Refugee Action Collective response to #itstimetolistencampaign
Refugee and asylum seeker voices are vital and should be central in the campaign to end Australia’s cruel policies against them. To attend and leave the Palm Sunday rally with confidence to continue the fight, people at the rally need to hear the voices of refugees- and to that end there are three refugees speaking; Abdul-hadi Matar, a refugee and Sudanese community leader from Darfur, Nasir Yousafi from the Hazara community, and an audio message from Aziz from Manus. Knowing the brutality they face is essential, and their resistance in the face of extraordinary repression is inspiring. They give confidence to other refugees and people from their communities to speak out.
The growing refugee movement is acutely aware of how important this is, and is always working to amplify refugee voices and support new refugee activist leaders.
What kind of movement do we need to end refugee racism?
It will take a mass, grassroots movement to end refugee detention and deterrence. Rallies like Palm Sunday are a chance to build the political confidence of everyone in the movement to lead action and spread defiance of refugee racism. The movement needs to make the bipartisan offshore detention policies politically and practically untenable. We can make this happen by building the breadth and depth of opposition. Rallies help to build the confidence of workers to refuse to participate in brutal policies, as doctors at Lady Cilento, teachers and health workers, and social workers have done.
Refugee leaders like Aziz on Manus have directly implored people in Australia to attend the rally. Palm Sunday in 2016 helped spark 200 days of protest on Nauru, the refugees there saw themselves as being “with” the Palm Sunday mobilisations in Australia.
Who are the non-refugee speakers, and why give them a platform?
To show solidarity and build a powerful movement we need political ideas and defiant collective action. We need to show unity across cultural divides, and to spread our grassroots organizing power.
As a former teacher on Nauru, Jane Willey is another speaker with insight into the conditions of the offshore camps. She also sets an example of courageous action; her defiance of the Border Force Act was an inspiration for hundreds of teachers across Victoria to defy threats of sackings to participate in the Teachers for Refugees t-shirt action. We can intensify the political and practical crisis of detention by spreading organisation and defiance across other sectors.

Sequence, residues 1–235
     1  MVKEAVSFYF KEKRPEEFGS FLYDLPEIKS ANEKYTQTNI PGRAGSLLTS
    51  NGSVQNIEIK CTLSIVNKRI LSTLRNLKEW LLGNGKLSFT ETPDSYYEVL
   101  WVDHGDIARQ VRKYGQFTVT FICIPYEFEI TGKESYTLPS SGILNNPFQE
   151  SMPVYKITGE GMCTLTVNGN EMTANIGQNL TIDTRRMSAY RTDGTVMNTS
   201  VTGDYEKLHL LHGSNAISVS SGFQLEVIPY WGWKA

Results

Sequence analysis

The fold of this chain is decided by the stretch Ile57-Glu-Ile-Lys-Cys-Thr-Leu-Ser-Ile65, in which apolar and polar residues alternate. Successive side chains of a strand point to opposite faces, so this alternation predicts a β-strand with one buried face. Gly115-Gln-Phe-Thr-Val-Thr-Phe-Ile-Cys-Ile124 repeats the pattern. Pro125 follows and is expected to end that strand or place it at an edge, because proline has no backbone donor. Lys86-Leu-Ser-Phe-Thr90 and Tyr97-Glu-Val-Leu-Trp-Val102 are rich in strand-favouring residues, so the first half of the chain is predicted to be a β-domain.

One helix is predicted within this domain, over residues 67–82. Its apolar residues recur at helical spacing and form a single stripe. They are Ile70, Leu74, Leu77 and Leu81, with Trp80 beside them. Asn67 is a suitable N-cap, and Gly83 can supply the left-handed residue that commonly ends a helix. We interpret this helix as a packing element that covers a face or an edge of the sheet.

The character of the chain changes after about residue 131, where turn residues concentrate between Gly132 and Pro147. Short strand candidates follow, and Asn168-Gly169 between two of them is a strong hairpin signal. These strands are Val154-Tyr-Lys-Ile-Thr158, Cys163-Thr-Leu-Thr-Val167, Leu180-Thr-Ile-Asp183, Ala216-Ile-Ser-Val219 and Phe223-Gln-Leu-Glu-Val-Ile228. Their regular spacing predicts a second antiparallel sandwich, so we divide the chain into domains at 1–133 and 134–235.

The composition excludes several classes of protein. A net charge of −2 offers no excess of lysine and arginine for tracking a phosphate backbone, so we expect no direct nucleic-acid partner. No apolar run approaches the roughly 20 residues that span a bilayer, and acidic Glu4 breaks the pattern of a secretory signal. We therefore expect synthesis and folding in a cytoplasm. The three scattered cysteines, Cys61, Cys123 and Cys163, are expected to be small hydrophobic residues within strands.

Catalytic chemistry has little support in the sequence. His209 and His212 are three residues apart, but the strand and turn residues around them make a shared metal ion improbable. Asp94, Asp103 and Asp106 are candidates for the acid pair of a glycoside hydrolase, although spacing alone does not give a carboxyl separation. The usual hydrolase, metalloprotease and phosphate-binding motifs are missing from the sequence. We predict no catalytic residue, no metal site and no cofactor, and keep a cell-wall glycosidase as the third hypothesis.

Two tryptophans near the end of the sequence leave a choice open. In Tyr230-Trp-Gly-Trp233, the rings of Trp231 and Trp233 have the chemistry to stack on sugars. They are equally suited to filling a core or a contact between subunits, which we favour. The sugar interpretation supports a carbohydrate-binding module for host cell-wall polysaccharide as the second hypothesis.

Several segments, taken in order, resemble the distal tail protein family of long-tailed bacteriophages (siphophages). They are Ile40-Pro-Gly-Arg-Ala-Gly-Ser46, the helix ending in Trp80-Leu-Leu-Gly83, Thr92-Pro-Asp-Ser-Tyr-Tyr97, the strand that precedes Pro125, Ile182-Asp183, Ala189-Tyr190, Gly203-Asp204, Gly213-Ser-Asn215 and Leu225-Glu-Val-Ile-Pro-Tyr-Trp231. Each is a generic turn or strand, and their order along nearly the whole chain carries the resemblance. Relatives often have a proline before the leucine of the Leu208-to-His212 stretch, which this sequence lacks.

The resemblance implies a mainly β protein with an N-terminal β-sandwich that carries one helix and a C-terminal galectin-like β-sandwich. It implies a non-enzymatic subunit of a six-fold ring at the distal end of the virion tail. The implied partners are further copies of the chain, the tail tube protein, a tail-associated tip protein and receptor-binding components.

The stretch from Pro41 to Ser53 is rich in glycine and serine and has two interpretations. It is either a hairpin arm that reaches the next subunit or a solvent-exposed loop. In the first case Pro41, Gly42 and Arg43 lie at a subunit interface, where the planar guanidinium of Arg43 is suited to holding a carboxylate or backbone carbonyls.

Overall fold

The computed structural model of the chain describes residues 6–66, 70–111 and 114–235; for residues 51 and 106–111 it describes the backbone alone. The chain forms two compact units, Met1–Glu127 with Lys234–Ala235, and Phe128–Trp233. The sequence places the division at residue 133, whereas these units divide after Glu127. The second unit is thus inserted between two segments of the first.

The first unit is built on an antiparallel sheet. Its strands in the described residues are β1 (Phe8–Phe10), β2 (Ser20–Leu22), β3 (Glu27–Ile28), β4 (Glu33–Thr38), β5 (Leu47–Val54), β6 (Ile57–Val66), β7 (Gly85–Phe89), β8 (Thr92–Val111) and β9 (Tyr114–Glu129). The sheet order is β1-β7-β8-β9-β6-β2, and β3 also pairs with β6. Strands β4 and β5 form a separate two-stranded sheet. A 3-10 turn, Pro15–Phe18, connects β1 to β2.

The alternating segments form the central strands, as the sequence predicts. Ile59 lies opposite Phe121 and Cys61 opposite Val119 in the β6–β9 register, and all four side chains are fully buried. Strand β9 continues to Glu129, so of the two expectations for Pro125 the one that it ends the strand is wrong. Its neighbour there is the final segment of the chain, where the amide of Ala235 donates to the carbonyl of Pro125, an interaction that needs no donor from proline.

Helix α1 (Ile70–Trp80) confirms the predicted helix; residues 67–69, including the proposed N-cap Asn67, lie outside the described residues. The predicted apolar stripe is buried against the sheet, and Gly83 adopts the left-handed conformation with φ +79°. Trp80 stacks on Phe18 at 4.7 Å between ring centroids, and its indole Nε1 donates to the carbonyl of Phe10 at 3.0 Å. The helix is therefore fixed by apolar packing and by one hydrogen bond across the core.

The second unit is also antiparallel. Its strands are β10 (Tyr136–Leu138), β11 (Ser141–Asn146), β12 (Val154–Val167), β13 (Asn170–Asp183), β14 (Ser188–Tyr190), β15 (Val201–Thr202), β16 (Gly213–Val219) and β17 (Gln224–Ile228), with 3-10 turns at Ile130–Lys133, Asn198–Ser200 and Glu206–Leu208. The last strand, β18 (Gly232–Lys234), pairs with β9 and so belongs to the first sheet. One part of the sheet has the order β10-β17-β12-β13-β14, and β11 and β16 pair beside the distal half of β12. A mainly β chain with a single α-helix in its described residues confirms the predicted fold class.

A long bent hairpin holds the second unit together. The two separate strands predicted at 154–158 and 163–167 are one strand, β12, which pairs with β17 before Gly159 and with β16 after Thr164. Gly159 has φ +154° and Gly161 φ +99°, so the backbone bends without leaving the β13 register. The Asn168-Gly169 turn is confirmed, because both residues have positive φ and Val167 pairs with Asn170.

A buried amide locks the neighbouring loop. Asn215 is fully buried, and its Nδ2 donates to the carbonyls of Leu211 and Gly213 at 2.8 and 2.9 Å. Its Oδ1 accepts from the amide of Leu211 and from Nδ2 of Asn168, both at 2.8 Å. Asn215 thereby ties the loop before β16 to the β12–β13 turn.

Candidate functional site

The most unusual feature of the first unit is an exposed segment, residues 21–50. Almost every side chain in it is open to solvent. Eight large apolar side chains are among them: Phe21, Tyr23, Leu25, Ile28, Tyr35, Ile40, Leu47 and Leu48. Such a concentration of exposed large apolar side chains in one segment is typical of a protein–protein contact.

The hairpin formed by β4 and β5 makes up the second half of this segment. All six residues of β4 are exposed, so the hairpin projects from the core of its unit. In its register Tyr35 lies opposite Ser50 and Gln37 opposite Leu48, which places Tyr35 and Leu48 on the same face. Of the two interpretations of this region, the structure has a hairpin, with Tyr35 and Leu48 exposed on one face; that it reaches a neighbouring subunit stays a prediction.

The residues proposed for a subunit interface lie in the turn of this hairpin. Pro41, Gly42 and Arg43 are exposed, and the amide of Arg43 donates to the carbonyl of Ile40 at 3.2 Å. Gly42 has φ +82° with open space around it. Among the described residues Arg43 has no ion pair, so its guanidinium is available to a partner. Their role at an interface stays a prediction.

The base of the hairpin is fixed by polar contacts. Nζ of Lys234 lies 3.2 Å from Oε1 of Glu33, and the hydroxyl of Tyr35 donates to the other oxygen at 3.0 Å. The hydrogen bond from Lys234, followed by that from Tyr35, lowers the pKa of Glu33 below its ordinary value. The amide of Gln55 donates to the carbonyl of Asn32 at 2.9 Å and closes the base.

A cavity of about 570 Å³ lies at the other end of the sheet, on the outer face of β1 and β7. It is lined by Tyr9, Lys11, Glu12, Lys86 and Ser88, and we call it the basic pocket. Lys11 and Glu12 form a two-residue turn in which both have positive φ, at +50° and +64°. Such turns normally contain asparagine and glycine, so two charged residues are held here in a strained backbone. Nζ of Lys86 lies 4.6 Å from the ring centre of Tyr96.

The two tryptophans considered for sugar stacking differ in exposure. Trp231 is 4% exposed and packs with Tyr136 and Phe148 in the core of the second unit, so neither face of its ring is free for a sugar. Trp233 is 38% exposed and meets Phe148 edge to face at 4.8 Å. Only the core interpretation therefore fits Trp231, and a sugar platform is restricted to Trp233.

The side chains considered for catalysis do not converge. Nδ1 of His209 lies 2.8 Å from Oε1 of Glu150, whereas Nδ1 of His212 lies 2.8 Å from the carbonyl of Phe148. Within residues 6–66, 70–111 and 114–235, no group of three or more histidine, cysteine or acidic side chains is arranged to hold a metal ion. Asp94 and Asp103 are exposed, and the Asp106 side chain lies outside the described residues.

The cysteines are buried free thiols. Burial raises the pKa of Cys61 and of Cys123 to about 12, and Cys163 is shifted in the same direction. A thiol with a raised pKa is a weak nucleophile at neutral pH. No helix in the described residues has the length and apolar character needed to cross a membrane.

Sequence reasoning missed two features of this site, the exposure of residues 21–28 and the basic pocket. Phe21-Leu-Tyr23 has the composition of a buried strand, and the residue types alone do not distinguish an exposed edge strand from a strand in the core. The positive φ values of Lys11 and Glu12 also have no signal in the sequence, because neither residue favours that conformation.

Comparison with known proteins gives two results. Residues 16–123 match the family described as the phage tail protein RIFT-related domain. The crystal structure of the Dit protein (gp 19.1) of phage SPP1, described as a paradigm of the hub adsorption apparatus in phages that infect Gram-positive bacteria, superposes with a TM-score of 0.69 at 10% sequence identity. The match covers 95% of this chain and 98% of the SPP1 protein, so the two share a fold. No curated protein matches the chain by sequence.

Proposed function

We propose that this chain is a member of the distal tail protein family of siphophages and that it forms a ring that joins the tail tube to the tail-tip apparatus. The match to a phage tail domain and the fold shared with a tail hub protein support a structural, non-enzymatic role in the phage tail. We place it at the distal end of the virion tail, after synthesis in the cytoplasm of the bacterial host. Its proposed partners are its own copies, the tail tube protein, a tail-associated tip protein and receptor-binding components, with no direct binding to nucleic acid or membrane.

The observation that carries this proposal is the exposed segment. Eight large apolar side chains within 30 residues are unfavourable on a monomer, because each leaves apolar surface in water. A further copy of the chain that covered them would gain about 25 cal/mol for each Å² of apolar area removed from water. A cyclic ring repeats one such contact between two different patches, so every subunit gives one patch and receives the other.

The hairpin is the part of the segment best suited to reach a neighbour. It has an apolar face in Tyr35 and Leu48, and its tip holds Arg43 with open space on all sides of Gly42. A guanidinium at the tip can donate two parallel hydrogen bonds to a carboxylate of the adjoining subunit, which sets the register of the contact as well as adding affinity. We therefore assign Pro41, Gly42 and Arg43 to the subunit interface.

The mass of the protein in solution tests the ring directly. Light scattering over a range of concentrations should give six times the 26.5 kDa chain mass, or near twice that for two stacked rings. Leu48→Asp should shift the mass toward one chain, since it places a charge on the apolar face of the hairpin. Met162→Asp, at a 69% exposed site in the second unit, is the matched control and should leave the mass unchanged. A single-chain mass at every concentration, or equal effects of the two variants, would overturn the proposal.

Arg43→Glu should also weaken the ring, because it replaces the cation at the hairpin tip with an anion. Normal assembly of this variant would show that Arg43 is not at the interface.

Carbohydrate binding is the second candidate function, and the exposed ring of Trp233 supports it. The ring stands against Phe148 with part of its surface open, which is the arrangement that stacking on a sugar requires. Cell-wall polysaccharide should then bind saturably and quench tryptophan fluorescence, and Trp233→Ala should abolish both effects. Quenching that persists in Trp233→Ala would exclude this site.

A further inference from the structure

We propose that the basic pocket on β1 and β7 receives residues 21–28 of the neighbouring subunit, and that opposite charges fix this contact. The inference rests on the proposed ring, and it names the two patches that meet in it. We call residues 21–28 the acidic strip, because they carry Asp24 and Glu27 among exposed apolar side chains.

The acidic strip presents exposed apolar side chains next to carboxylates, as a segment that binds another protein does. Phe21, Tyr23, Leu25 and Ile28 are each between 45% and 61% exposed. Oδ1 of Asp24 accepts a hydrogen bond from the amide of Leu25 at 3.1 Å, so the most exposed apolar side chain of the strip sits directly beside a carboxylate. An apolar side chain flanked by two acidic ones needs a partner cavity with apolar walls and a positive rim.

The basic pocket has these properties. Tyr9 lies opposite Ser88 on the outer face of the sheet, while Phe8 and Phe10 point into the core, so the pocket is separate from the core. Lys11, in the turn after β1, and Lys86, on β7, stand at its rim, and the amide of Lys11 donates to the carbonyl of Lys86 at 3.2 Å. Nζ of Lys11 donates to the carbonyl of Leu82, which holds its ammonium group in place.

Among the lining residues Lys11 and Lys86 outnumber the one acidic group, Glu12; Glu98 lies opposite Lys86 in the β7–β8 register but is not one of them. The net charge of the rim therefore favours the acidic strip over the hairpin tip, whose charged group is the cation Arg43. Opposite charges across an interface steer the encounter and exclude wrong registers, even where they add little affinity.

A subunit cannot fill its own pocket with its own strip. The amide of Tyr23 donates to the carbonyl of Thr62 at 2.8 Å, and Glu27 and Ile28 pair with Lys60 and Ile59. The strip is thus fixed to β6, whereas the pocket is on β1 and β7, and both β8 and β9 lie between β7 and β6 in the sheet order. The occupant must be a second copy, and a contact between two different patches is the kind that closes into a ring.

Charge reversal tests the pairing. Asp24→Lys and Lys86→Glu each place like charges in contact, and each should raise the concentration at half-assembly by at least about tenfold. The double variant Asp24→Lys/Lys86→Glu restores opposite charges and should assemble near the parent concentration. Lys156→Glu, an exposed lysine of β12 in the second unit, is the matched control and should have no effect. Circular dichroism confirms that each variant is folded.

Corinne Grant uses her platform in mainstream media to promote uncompromising opposition to refugee brutality. Her union, the Media Entertainment and Arts Alliance, is campaigning for colleagues- an actor, a cartoonist and journalist, held on Manus. Other unions could replicate this, using their social weight to pressure the government to release their colleagues.
Having Muslim, Jewish and Christian leaders speak indicates united, widespread opposition. Their leadership can provide an opening for people in those communities to deepen their action. The fusion of Islamophobia and refugee racism means we must arm all refugee campaigners with anti-islamophobia politics. For this reason, it is particularly important to have Mohamed Mohideen, President of the Islamic Council of Victoria on the platform.
Daniel Webb’s experience in the Human Rights Legal Centre helps expose the government’s treatment cruel treatment of refugees as contemptuous of their own, and other countries’, laws. It also shows that court action must be embedded in movements. Legal successes need to be known, however Manus Island detention camp was declared illegal last April; and yet it is still imprisoning men. When legal action failed to block the government returning refugees to Nauru last year, the grassroots “Letthemstay” campaign ensured that it was politically impossible for Turnbull to send them back. We need to hear from those like Webb who argue legal battles must be backed up with grassroots, political battles. Details of the ongoing court action over Manus, can also help paint a picture of an offshore processing regime falling apart at the seams.
Finally, having Chris Breen speak from the Refugee Advocacy Network about how we can close the camps is essential. The weak Turnbull government, the defensive delaying tactics of the US deal, the small but insufficient cracks in the Labor Party are important political questions our movement must confront. Urging people to join the next work place t-shirt action, initiate union campaigns and get involved in organizing groups is an important way to end the rally so that the movement grows.
There is a refugee leadership on Manus and Nauru, amongst communities such as the Tamils, Iranians, Hazara, Iraqis, Sudanese, Somalis, Kurds, West Papuans and more, whose voices the growing refugee movement has helped to highlight. They speak at forums, rallies, schools and workplaces throughout the year at events organised by many of the constituent groups of RAN. Every single refugee community may not be represented at any one rally, but the biggest possible Palm Sunday rally boosts their confidence and their voices far beyond the one rally itself.
All groups in the refugee movement share the common commitment to work to end the government’s racist and cruel policies. The #itstimetolisten campaign risks throwing a cloud over what is the main refugee rally of the year. And we are the strongest when we fight together. RISE was invited to the organising committee and could have been involved in all aspects of the rally organising, including speaker selection from the beginning.
We would urge RISE and Democracy in Colour to cease its public campaign and become part of the democratic organizing that has made the Palm Sunday rallies a high point of the refugee campaign.